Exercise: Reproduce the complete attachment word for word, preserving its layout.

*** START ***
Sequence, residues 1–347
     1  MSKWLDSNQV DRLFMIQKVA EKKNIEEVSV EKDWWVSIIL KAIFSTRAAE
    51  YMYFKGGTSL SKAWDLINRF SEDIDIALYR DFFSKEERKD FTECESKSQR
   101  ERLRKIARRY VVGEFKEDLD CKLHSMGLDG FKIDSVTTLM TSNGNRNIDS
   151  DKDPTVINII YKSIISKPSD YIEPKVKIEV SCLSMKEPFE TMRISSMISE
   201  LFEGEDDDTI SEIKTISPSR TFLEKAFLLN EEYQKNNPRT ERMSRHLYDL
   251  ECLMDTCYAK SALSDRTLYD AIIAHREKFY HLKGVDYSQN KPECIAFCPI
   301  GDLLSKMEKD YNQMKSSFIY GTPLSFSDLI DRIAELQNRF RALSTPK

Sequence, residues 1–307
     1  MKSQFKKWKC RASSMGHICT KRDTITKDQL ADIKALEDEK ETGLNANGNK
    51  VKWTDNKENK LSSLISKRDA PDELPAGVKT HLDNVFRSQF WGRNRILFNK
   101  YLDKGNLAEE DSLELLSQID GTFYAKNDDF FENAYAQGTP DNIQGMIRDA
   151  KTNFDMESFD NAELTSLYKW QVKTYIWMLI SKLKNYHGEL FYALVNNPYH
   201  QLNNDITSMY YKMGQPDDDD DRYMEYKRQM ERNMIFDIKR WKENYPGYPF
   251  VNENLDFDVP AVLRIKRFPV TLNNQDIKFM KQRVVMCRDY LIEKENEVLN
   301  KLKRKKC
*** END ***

Sequence, residues 1–347
     1  MSKWLDSNQV DRLFMIQKVA EKKNIEEVSV EKDWWVSIIL KAIFSTRAAE
    51  YMYFKGGTSL SKAWDLINRF SEDIDIALYR DFFSKEERKD FTECESKSQR
   101  ERLRKIARRY VVGEFKEDLD CKLHSMGLDG FKIDSVTTLM TSNGNRNIDS
   151  DKDPTVINII YKSIISKPSD YIEPKVKIEV SCLSMKEPFE TMRISSMISE
   201  LFEGEDDDTI SEIKTISPSR TFLEKAFLLN EEYQKNNPRT ERMSRHLYDL
   251  ECLMDTCYAK SALSDRTLYD AIIAHREKFY HLKGVDYSQN KPECIAFCPI
   301  GDLLSKMEKD YNQMKSSFIY GTPLSFSDLI DRIAELQNRF RALSTPK

Sequence, residues 1–307
     1  MKSQFKKWKC RASSMGHICT KRDTITKDQL ADIKALEDEK ETGLNANGNK
    51  VKWTDNKENK LSSLISKRDA PDELPAGVKT HLDNVFRSQF WGRNRILFNK
   101  YLDKGNLAEE DSLELLSQID GTFYAKNDDF FENAYAQGTP DNIQGMIRDA
   151  KTNFDMESFD NAELTSLYKW QVKTYIWMLI SKLKNYHGEL FYALVNNPYH
   201  QLNNDITSMY YKMGQPDDDD DRYMEYKRQM ERNMIFDIKR WKENYPGYPF
   251  VNENLDFDVP AVLRIKRFPV TLNNQDIKFM KQRVVMCRDY LIEKENEVLN
   301  KLKRKKC